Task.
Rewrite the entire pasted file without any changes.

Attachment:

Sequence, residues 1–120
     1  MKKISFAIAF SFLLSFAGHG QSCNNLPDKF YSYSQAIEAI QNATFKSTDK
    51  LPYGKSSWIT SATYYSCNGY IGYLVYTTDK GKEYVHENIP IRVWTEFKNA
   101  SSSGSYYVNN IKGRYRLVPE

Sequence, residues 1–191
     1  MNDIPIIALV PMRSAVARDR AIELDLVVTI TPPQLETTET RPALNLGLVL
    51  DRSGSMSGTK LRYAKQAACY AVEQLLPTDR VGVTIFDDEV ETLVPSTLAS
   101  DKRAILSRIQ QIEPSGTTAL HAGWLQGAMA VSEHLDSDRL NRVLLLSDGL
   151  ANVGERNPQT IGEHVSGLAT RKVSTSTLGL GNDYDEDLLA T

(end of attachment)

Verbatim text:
Sequence, residues 1–120
     1  MKKISFAIAF SFLLSFAGHG QSCNNLPDKF YSYSQAIEAI QNATFKSTDK
    51  LPYGKSSWIT SATYYSCNGY IGYLVYTTDK GKEYVHENIP IRVWTEFKNA
   101  SSSGSYYVNN IKGRYRLVPE

Sequence, residues 1–191
     1  MNDIPIIALV PMRSAVARDR AIELDLVVTI TPPQLETTET RPALNLGLVL
    51  DRSGSMSGTK LRYAKQAACY AVEQLLPTDR VGVTIFDDEV ETLVPSTLAS
   101  DKRAILSRIQ QIEPSGTTAL HAGWLQGAMA VSEHLDSDRL NRVLLLSDGL
   151  ANVGERNPQT IGEHVSGLAT RKVSTSTLGL GNDYDEDLLA T